As a busy mom, it’s hard to give your kids as much undivided attention as you’d like. But there are a lot of little things you can do to engage with your kids throughout the day.
I’m not talking about big gestures or planned outings, although those are awesome. I’m talking about quick and easy things you can do on a daily basis to interact with your kids more. Things that don’t take a lot of effort, but have a big effect over time.
Here are 13 quick and easy ways to engage with your kids throughout the day:
Look them in the eye
This isn’t always possible. Often our kids are prattling on and on about something while we’re driving, cooking, or doing any number of important tasks. That’s fine, but a couple times a day, try to just look at them. Actually put down the book, the whisk, or the phone, and just look them in the eye while they’re talking. You’ll see them in a new light, and they’ll feel heard.
Give that courtesy laugh
Kids, especially little kids, think things are funny that really aren’t. Like, at all. My least favorites are fart jokes, puns that aren’t really puns, and knock-knock jokes that don’t follow the typical format.
But when your kid tells you a stupid joke that doesn’t make sense or shows you a YouTube video that’s totally unfunny, you pretend it’s funny and you give them a little courtesy laugh.
Possibly try to see why they think it’s funny. When they get older, their jokes will get funnier and will involve less fart-related humor (hopefully). But at least in the meantime you’re connecting with them on their level.
Do them a favor
Even if you’re pretty strict with your older kids and encourage them to be independent, you can do them an occasional favor. You may not typically bring forgotten items to school, your kids might pack their own lunches, and they may have several chores to do around the house. But they love it when you do something extra for them every once in awhile.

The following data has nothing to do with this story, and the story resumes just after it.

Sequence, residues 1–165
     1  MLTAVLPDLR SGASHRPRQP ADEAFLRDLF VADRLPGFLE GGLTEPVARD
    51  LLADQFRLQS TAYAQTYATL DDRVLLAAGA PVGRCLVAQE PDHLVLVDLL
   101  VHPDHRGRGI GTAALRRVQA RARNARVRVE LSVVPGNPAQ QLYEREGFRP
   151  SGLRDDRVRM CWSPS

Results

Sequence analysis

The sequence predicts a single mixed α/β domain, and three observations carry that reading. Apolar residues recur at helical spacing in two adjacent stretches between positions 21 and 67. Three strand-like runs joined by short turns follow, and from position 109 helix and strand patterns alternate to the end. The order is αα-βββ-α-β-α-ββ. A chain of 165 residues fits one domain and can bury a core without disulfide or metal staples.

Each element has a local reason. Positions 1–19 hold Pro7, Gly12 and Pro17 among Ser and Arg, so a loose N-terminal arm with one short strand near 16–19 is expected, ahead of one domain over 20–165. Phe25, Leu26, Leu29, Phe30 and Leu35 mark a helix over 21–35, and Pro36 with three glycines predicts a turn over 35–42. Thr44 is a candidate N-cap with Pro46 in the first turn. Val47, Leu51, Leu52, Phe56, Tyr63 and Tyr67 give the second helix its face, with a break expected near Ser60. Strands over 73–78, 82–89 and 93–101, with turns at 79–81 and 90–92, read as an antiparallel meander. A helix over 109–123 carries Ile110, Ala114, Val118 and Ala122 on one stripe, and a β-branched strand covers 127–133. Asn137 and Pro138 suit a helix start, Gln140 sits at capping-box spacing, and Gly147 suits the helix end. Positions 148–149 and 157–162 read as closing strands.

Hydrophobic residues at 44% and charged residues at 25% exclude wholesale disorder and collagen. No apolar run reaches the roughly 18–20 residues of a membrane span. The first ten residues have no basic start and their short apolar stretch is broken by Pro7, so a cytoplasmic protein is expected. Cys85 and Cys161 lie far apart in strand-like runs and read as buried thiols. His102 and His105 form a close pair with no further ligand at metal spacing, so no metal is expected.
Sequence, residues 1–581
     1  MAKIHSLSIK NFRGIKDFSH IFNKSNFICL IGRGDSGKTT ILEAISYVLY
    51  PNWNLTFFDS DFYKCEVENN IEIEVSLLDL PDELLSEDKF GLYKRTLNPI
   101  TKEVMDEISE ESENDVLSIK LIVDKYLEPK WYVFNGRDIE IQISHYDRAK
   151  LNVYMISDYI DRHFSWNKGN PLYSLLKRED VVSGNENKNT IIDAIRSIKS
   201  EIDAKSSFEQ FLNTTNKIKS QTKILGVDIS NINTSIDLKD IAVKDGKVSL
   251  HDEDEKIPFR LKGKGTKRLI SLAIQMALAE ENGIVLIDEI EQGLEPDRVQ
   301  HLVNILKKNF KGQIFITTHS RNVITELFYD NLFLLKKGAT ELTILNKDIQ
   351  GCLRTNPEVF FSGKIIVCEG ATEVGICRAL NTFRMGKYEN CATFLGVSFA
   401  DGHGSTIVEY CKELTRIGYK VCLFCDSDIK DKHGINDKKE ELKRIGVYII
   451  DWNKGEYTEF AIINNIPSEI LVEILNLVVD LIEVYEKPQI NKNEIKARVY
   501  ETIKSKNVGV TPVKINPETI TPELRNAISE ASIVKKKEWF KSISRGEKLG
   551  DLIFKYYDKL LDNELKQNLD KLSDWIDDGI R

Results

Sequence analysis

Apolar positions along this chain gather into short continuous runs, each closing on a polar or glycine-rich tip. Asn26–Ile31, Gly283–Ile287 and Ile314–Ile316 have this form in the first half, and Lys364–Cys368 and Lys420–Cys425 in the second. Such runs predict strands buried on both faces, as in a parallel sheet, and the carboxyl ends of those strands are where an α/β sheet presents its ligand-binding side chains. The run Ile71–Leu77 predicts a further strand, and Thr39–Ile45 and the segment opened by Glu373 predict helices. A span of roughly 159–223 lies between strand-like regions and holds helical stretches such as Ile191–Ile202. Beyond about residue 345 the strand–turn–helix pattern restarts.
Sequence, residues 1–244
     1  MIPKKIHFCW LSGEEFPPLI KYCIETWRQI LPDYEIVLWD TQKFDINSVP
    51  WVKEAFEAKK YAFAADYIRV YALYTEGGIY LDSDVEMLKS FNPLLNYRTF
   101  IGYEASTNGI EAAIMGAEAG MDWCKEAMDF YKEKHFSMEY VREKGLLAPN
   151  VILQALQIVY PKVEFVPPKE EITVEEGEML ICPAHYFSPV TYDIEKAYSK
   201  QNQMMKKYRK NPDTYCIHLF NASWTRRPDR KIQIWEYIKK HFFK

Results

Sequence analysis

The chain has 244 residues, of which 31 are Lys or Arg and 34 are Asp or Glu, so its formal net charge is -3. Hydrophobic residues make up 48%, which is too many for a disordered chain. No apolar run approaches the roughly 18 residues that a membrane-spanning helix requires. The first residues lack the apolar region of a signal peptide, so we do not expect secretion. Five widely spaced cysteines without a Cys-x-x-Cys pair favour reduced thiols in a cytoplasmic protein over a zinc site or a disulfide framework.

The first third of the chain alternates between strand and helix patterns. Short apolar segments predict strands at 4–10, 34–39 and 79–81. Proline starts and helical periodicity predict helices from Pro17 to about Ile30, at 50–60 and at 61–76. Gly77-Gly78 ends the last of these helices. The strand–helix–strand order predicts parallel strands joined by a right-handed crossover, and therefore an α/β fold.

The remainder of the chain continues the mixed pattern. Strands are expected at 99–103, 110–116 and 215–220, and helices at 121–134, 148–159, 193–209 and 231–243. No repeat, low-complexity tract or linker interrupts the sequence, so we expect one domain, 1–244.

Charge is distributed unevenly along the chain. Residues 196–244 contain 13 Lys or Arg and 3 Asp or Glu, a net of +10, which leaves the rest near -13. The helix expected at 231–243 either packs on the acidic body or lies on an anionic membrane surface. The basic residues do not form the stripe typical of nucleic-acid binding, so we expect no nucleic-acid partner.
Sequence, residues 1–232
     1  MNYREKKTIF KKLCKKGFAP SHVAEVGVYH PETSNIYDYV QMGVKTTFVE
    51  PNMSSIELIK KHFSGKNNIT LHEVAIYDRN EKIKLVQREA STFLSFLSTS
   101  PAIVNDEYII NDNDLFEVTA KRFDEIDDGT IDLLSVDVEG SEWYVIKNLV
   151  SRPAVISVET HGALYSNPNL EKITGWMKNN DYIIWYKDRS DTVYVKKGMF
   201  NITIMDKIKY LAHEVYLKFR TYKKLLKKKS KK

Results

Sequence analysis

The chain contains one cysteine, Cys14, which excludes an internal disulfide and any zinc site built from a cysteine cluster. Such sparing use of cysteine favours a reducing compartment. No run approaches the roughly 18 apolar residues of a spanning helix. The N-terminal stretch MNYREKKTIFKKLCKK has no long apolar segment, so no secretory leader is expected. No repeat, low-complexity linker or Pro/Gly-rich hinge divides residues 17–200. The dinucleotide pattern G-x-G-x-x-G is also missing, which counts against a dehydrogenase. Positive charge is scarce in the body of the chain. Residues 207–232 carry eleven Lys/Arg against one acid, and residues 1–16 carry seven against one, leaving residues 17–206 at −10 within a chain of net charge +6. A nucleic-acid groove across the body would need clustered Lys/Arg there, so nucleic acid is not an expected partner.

I know, I know, you already gave birth to them. Not to mention, your entire life revolves around cooking and cleaning for them, and chauffeuring them around. But when you’re trying to teach them independence and responsibility, a little unexpected favor can really make their day.
You can bring them something they forgot, do a chore for them when they’re having a busy day, or make them breakfast that’s something other than cold cereal (maybe you already do that, but I sure don’t). It makes them feel good when they get a little extra help and understanding.
Take one kid with you on an errand
An easy way to do an impromptu “date” with your kid is to take one of them out alone with you when you run an errand. It gives them time to talk to you without all the other kids around to compete for talking time. It feels special, especially when you throw in a cheap treat to make it more fun.
Tell them you love them
Even if they’re in a mood where they roll their eyes at you, or at an age when they don’t say it back, just say it anyway. As often as you can.
Let touch reconnect you
My toddler still lets me cuddle him occasionally and my tweens still need a hug on a bad day sometimes. But my teenagers usually aren’t up for a hug. OK, they actually despise hugs.
You don’t want to invade your kids’ personal space when they don’t like it, so touch them in other ways. Give them a high five when they’ve done a good job or a pat on the back when you walk by. It’ll make them feel connected without feeling smothered.
As often as you can remember, try to give your kids a compliment. It can be as simple as saying they did a good job on their chores, that they are funny, or that something they did was nice. Just give them little compliments here and there.
Include them in your activities